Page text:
Monday, 15 July 2019


The British are masters of the stiff upper lip… proud of our manners. Here’s what it says on ‘Study Links', a website addressing foreign students in the UK:- “Knowing a little bit about British etiquette will help you ensure that your behaviour is polite and appropriate whilst you are studying in the UK.”

So I’ve been puzzled by what we’ll call ‘Ambassador-Gate’ because we seem to have become happy to be rude, although the Foreign Office has always seemed to have encouraged a Private Eye style of communiques from its ambassadors. One in past years, described the Swiss as “neither the wittiest or the prettiest of people”. There has been this tradition of satirical wit which may have pleased writers and recipient but belongs to a previous era.  When we actually had an Empire.

In 2019 we all know (don’t we?) that nothing we write down is safe from hackers. In 2019 we need to be circumspect. Poor Sir Kim Darrock was neither of those and all that talk of supporting him seemed rather absurd when it appeared, because of his tabloid comments about the current Presidency that got leaked, he couldn’t,  when denied access to the White House, do his job … that’s why he was there in the first place.  He was, anyway, just a few months away from retirement. Poor rude (even if crudely truthful) Kim.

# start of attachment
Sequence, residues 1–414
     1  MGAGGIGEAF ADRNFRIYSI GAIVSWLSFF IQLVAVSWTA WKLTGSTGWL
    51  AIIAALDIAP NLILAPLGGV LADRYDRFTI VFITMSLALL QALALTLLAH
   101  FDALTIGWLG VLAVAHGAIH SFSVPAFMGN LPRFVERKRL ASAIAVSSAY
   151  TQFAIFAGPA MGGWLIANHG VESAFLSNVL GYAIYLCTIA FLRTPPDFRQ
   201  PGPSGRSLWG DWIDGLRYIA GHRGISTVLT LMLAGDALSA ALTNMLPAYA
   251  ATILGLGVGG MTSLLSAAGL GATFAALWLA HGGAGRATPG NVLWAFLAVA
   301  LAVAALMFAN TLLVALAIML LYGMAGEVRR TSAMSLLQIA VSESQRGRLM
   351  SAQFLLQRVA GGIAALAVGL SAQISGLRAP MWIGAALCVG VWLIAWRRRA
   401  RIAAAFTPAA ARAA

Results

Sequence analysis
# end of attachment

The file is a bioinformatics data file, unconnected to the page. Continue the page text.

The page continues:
The behaviour of the - blessedly to be short-lived - British MEPs turning their backs in Brussels as Beethoven’s “Ode to Joy” is played – the EU anthem – was lamentable. This also happened when the NSDAP (Nazi party) 1926 turned its back on the Speaker of the Reichstag - so well followed Nigel Farage.

But even this performance was dwarfed by Ann Widdecombe’s abusive tirade. When did she decide being rude was a strategy?

Our diplomats and our political representatives are currently doing our country a disservice. So what about our probable next Prime Minister? His Andrew Neil interview this week was revelatory. Bluster, bombast and braggadocio. Some pundits thought he made some sort of fist of it but I was dismayed to think he could soon be our leader.  Optimism, which is his credo, is fine but not to the exclusion of thought and reason. I remember playing cricket with an irredeemable optimist who, as the rain lashed down, bellowed  “stop!  I shall not be defeated by this shower.” Boris is extraordinary. He’s not, for sure, a role model, albeit he could be called a shower.

Nor is Jeremy Corbyn better as we watch the agonising suicide that is the antisemitic Labour party. Shameful and shameless.

This is a British summer, Ascot, Wimbledon, Lords, Silverstone, strawberries and champagne. It’s a season of charm, courtesy,sunburnt mirth and friendship.  It is (usually) when we are at our best.  Keats described it so well – “with beaded bubbles winking at the brim and purple stained mouth.

We are not being true to ourselves and it’s such a shame.

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